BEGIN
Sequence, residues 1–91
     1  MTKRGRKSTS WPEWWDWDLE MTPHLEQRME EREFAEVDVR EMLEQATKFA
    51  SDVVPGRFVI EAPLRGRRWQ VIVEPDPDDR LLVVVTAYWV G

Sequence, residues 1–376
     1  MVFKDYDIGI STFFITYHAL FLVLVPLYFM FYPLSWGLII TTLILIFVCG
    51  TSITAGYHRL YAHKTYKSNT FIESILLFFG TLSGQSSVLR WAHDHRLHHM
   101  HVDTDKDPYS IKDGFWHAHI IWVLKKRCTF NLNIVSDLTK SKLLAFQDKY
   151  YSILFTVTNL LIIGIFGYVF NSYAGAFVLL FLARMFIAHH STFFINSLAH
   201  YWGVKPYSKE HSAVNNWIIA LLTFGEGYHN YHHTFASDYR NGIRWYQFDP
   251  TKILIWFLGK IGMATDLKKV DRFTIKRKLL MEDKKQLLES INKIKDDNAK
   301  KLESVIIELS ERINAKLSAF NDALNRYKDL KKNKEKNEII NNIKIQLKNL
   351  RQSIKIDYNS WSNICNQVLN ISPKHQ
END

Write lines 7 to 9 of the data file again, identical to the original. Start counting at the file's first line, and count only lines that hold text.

   101  HVDTDKDPYS IKDGFWHAHI IWVLKKRCTF NLNIVSDLTK SKLLAFQDKY
   151  YSILFTVTNL LIIGIFGYVF NSYAGAFVLL FLARMFIAHH STFFINSLAH
   201  YWGVKPYSKE HSAVNNWIIA LLTFGEGYHN YHHTFASDYR NGIRWYQFDP